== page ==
The Prevailing Organizational Culture
Recruiting new employees involves being mindful to the predominant organizational culture and how the applicant will relate and interact with the current employees (Cable & Judge, 1997; Fallon & McConnell, 2007). For instance, in a highly team-structured, or cooperative, environment, a highly competitive applicant may find difficulty in overall acceptance by the team, and both the applicant’s job performance and that of the team may suffer (Chatman, 1989). However, when the organizational values match that of the applicant’s, then a prediction can be made that job satisfaction and organizational commitment will be higher (Cable & Judge, 1997; Tsai, Chi, & Huang, 2011; Vandenberghe, 1999).
This paper will discuss organizational culture and the benefits and drawbacks of recruiting processes focused on maintaining or altering the status quo.
Recruiting Organizational Culture
The term organizational culture has been used since the early 1980’s to capture the perceptions, values, behavioral norms, and expectations inherent in an organization (Vandenberghe, 1999). This culture could be a result of certain pressure from the leadership or a natural environmental attainment; however, hiring practices certainly have an impact on the organizational culture by adding the influences of new personalities into the culture (Cable & Judge, 1997; Chatman, 1989; Tsai, Chi, & Huang, 2011; Vandenberghe, 1999). Recruiters and managers, by hiring based on organizational fit, are able to exert influence over the direction of the organizational culture as well as help to limit turnover and attrition (Cable & Judge, 1997; Chatman, 1989; Christensen & Wright, 2011; Tsai, Chi, & Huang, 2011; Vandenberghe, 1999).
One problem surrounding the use of organizational fit is the propensity of applicants to utilize influence tactics to alter the perceptions of the interviewer (Higgins & Judge, 2004). As Fallon and McConnell (2007) discuss, an inexperienced interviewer could be overly influenced by an applicant. “No one has yet devised a reliable way to separate the applicants who simply talk a good job from those who will later do a good job” (Fallon & McConnell, 2007, p. 179). A very charismatic applicant might benefit over a more qualified applicant.
The benefits, however, of considering organizational fit and value congruency between applicants and the organization are best appreciated after job fit, or the consideration of qualifications and experience, is determined. In a hiring process where applicant qualifications and experiences have already been vetted and references already checked, organizational fit can be used to further the success of both the organization and the applicant (Christensen & Wright, 2011; Tsai, Chi, & Huang, 2011).
Another benefit considering organizational fit is public service motivation. Christensen and Wright (2011) explore the relationship between applicants who have strong motivations towards public service and organizations, whether public or private, that share that motivation. Christensen and Wright show a result of increased job satisfaction when public service motivations are congruent between applicant and organization; however, this link appears fairly weak when compared to financial incentives.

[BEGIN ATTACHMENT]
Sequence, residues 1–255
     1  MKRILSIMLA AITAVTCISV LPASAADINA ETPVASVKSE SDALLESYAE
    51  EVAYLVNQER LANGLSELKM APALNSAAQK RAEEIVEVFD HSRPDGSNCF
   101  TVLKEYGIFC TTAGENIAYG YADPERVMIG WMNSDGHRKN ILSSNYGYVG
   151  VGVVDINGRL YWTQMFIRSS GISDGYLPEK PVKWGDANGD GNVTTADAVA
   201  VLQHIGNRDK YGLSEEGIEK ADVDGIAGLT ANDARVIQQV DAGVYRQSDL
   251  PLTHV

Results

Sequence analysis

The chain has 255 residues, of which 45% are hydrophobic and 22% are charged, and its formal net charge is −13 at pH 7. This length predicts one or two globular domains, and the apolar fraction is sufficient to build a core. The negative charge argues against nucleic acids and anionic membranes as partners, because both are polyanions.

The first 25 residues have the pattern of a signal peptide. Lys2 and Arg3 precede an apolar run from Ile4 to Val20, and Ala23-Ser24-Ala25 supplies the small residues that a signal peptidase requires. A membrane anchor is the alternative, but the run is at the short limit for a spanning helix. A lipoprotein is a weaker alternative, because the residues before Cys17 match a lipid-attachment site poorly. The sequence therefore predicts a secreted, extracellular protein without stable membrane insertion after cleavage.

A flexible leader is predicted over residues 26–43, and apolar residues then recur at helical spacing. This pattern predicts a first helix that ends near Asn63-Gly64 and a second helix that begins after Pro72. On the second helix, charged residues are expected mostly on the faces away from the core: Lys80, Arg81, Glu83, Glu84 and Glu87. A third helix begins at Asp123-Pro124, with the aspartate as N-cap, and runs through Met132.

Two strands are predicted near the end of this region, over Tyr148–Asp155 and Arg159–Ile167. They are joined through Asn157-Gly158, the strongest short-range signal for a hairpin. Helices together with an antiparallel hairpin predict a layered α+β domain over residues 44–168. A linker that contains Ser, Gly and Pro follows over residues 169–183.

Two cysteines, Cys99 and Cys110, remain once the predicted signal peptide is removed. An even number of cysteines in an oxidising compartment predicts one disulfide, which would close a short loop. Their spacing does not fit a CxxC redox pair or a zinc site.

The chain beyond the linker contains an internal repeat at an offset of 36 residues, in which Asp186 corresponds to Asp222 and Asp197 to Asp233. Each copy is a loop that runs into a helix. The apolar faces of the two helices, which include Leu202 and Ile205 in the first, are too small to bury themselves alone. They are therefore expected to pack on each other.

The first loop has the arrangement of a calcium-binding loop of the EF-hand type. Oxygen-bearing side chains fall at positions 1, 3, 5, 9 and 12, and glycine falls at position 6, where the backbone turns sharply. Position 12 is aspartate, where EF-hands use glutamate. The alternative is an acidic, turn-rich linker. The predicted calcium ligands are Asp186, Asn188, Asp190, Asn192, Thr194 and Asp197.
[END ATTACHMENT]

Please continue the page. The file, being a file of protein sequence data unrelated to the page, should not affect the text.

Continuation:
Relying on Résumés and Portfolios
While most assessments of organizational fit are made in the interview environment, résumé contents offer useful information. Although Higgins and Judge (2004) regarded self-promotion tactics (résumés and portfolios) as “weak and nonsignificant” (p. 630), ergo, less powerful than personal influence tactics, Tsai, Chi, and Huang (2011) later show that specific pertinent résumé content improved perceptions of employability: “to select applicants with suitable attributes, recruiters would refer to specific résumé content as the basis for making inferences about applicants’ values or personality” (p. 236). Work experience and extracurricular activities, according to Tsai, Chi, and Huang, provide the most insight into an applicant’s values and personality, which would influence organizational fit.
One drawback to relying on a document, such as a résumé or a portfolio, to provide insight into an applicant’s values or personality is that often these documents are prepared by a third party whose personality and values might influence the choice of content, thereby influencing the reader.
Legal and Regulatory Implications
Fallon and McConnell (2007) readily discuss the legal requirements and implications of the hiring process and making judgments of the applicant that are not directly related to the job; however, if intangible traits can be related to improved job performance, it is recommended to probe for these after ensuring adequate qualification and experience. In order to show that these intangible traits (e.g. innovation, team orientation, stability, attention to detail) are relevant, the job description could be altered in effect to demonstrate this and limit legal implications of a subjective hiring process. Certain prohibitions will still stand, such as disability, race, color, creed, religion, et al.
By understanding the culture of their organization, managers and recruiters can, to a degree, help to shift the cultural paradigm by choosing applicants who share similar values and beliefs that would be believed to enhance the culture of the organization. Although each job requires an applicant with the requisite knowledge, skills, and abilities to perform the job, certain intangibles, including congruence with the prevailing organizational culture, will help to ensure a healthy and lasting employment relationship.
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